Track 5 “Flying Over Water”, one of the edgier sounding songs on this album, is a great song that has to be heard to be truly appreciated. Track 6 “Different Days” is personally my favorite on this album, with so many brilliant lines in this song.  Most other songwriters who hear this song may just want to quit for good.

“And the story’s only mine to live and die with
And the answer’s only mine to come across.
But the ghosts that I got scared and I got high with,
Look a little lost.
Ten years ago I might’ve thought I didn’t have the right,
To say the things an outlaw wouldn’t say.
But those were different days”

To put it simply, brilliant.

Track 7 “Live Oak”  – How many times can I use the word brilliant before it becomes diluted? This song about a man with a checkered past during the Civil War days who finds the love of a woman only to have his past come back to haunt him.

“There’s a man who walks beside me
He is who I used to be.
And I wonder if she sees him
And confuses him with me.”

. . . is such an intriguing line and it sets up this song so well.

Track 8, “Songs That She Sang in the Shower” begins with a relationship ending in a car ride home right after being punched in the face. This song has so many incredible insightful lyrics such as

“In a room, by myself, looks like I’m here with a guy that I judge worse than anyone else.
So I pace, and I pray, and I repeat the mantras that might keep me clean for the day.”

Track 9 “South of Wales” – The way the acoustic guitar accompanies the fiddle in damn near perfect symmetry is enough to raise the hair on your arms. Wonderful Track.

Track 10 “Super 8” – The most rocking song on this album, this one is about a late night party in a Super 8 motel that quickly takes bad turn due to one very pissed off man. I have to agree with Jason on this one, I don’t want to die in a Super 8 motel either.

Another great song, “Yvette” (Track 11), could be the one song on this album that very well may grab you to your core. A song about a young man in high school watching a young girl in his class who he knows is being abused by her father and decides to do something about it. The line:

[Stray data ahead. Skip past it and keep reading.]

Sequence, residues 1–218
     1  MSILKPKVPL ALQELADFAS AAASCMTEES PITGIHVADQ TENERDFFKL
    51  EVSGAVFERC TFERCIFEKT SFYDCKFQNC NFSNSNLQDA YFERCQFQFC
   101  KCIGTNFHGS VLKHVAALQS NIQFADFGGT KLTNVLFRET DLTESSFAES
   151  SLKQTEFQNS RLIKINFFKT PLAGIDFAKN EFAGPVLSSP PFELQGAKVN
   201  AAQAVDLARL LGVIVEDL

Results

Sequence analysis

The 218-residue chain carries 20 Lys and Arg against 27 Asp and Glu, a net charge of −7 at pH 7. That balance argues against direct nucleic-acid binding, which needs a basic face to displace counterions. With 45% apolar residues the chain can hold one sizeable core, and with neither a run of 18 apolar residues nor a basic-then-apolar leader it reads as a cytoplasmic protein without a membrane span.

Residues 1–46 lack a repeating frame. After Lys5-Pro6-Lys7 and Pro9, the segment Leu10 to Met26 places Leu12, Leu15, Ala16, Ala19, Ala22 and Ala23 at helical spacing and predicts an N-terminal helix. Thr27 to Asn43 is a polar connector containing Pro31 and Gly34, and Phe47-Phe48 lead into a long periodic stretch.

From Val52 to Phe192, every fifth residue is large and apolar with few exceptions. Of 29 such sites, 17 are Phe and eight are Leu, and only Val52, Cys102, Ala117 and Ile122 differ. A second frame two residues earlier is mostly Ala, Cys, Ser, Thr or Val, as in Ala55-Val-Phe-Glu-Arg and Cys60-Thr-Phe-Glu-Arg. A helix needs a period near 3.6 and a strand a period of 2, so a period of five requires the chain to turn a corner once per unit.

“I may not be a man yet, but your father will never be.
So I load up my Weatherby, and I let out my breath
And I couple with death”

. . .will chill you to the bone. I hope to believe that many would feel the same when it comes to people who abuse children.

The final track on this album, “Relatively Easy,” is the perfect song to end on, A song that to me seems to be flowing with redemption, personal responsibility as well as acceptance that sometimes we should allow ourselves to see that maybe we don’t have it quite as bad as we may think. My favorite line in this song is:

“I broke the law boys, shooting out the windows of my loft boys.
When they picked me up I made a big noise,
Everything to blame except my mind.”

Very few times in my life have I been completely consumed by another artist, but “Southeastern” is by far the best album I’ve heard in many, many years and I would not hesitate to claim, in my own personal opinion, for it to be one of the greatest albums of all time.

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1 Response to Southeastern – Jason Isbell

  1. Pingback: Something More Than Free – Jason Isbell |